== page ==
Netanyahu’s Election Campaign of Fear and Loathing

Many analysts said that Israel's elections were superfluous from the outset, but no one predicted how ugly they would get.

Chemi Shalev
Chemi Shalev
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Netanyahu's campaign posters.
Netanyahu's campaign posters. Credit: Tomer Appelabaum.
Chemi Shalev
Chemi Shalev

The term “to burn your bridges” comes from the days of Roman conquests, when generals such as Julius Caesar would burn the bridges and set fire to the boats on which their soldiers traveled, in order to prevent them from contemplating retreat. Without the bridges and boats, of course, it was very difficult to resupply the legions after the battle had been won. Today, if you burn your bridges, you are severing contacts that you might very well need somewhere down the line.

That’s what Benjamin Netanyahu did on the way to his surprise victory over Isaac Herzog on Tuesday.

Netanyahu burned his bridges with the Arab minority with racially tinged Election Day exhortations hitherto reserved for rabble rousers to his right. He set fire to the ships that carry the load of Israel’s ties to the international community, especially the Obama administration, when he suddenly reneged on his agreement in principle to a Palestinian state.

He set fire to the tent in which the half of Israel that didn’t vote for him resides, by depicting them as pawns in some vast and ludicrous conspiracy that involves malevolent anti-Semites, nasty-minded NGOs, cigar-chomping tycoons, greedy Citizen Kane-type publishers and, inexplicably, sly subversives from Scandinavia.

In recent days, Netanyahu even took a page from the GOP’s Southern Strategy, as enunciated in 1970 by Nixon aide Kevin Phillips: “The more Negroes who register as Democrats in the South, the sooner the Negrophobe whites will quit the Democrats and become Republicans.”

That’s what Netanyahu did when he railed against the Arabs voting "in droves" on Tuesday, a statement that turned out to be false but potent nonetheless: Netanyahu’s message of fear and loathing may have indeed been the prod that shook right-wing voters out of their complacency and brought them to the polling booths "in droves."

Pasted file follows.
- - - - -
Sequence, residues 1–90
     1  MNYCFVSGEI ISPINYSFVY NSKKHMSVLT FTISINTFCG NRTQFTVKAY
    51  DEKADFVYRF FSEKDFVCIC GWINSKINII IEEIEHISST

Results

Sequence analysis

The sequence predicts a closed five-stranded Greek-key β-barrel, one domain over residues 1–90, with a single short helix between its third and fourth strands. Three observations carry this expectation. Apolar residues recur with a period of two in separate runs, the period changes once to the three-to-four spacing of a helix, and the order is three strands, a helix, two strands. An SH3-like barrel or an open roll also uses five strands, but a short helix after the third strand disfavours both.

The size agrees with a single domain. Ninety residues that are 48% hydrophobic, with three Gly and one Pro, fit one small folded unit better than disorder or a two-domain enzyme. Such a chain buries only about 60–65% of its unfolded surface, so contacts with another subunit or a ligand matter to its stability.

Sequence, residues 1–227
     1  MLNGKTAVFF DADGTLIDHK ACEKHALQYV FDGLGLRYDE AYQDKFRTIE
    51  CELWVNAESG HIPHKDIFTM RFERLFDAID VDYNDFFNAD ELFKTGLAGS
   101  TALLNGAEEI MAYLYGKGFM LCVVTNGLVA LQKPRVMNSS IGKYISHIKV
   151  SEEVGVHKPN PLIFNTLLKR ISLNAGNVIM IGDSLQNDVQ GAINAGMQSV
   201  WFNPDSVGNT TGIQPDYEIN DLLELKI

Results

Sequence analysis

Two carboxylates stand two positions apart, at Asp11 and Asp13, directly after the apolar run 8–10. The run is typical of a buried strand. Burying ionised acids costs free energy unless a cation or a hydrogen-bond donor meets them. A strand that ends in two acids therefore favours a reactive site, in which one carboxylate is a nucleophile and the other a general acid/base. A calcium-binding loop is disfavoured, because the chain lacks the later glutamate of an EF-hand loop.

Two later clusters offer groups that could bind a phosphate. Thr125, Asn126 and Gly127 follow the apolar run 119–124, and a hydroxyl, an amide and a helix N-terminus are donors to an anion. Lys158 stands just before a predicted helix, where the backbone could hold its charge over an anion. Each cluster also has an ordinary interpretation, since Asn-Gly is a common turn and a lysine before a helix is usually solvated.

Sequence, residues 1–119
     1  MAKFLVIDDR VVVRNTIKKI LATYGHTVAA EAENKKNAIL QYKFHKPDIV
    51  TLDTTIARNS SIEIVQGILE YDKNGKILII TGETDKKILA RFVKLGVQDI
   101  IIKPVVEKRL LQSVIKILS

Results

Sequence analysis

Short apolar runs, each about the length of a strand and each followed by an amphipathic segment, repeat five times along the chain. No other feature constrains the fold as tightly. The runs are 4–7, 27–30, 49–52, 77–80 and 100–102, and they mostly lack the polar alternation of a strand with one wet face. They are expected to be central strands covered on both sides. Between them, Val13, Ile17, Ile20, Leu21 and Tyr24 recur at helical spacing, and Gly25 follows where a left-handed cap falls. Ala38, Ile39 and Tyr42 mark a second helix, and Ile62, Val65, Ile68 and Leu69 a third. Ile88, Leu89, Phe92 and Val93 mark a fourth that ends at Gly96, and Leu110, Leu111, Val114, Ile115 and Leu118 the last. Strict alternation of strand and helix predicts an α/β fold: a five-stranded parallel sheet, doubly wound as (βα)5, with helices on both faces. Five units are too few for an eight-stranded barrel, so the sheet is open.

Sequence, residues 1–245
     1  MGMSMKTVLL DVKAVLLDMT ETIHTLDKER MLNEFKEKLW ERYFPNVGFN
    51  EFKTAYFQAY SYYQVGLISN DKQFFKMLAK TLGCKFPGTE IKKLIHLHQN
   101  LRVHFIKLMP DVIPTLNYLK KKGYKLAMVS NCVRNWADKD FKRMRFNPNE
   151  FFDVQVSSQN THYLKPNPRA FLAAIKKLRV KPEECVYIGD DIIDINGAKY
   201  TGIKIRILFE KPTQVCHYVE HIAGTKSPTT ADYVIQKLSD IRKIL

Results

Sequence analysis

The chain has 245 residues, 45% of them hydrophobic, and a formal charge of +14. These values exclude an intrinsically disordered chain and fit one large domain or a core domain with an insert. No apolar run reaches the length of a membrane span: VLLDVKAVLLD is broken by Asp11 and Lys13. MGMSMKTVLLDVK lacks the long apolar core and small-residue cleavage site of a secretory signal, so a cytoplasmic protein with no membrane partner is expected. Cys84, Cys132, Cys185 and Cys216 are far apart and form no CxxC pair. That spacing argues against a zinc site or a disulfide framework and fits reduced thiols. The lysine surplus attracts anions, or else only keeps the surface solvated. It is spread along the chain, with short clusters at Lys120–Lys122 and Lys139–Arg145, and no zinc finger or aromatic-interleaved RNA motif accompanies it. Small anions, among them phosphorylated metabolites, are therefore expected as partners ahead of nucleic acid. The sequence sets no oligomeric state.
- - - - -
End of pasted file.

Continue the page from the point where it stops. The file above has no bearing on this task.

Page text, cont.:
Netanyahu launched his campaign in December as the self-assured leader of Likud, but is ending it on Israeli right-wing fringes: his rivals will depict him as a Le Pen or Zhirinovsky.

His conduct in the past few days most likely increased prayers in world capitals for a victory by his rival, Isaac Herzog: sources close to the White House found if hard on Tuesday night to disguise their disappointment with the election’s inconclusive results and their distaste for the prospect of having to deal with the “new” Netanyahu, who seems even less palatable than the old. Many of them are hoping that President Reuven Rivlin will take the chestnuts out of the fire by pushing for a national unity government, which they have supported all along.

Netanyahu’s ability to undo some of the damage that he’s wrought in recent days depends on the coalition he sets up.

A narrow right-wing government with Bennett and Lieberman but without Lapid would be viewed as a manifestation of Netanyahu’s lurch to the right: no one in the world will hand him flowers, and no one will harbor much hope.

A national unity government, on the other hand, would quickly revive Netanyahu’s international credentials, though his recent inflammatory statements may have given the sizeable opposition in Labor the upper hand in the internal debate that is expected to erupt should the two parties enter into national unity talks.

Many analysts said that the elections were superfluous from the outset, but no one predicted how ugly they would get. The incessant focus of Netanyahu’s rivals on his personality rather than his policies, together with his own divisive us-or-them campaign, have now split the Israeli public into two hostile and suspicious camps.

One of the first tasks of the new prime minister will be to try and heal the rift, but that could be a problem when half of the country views him as the prime suspect in causing it in the first place.

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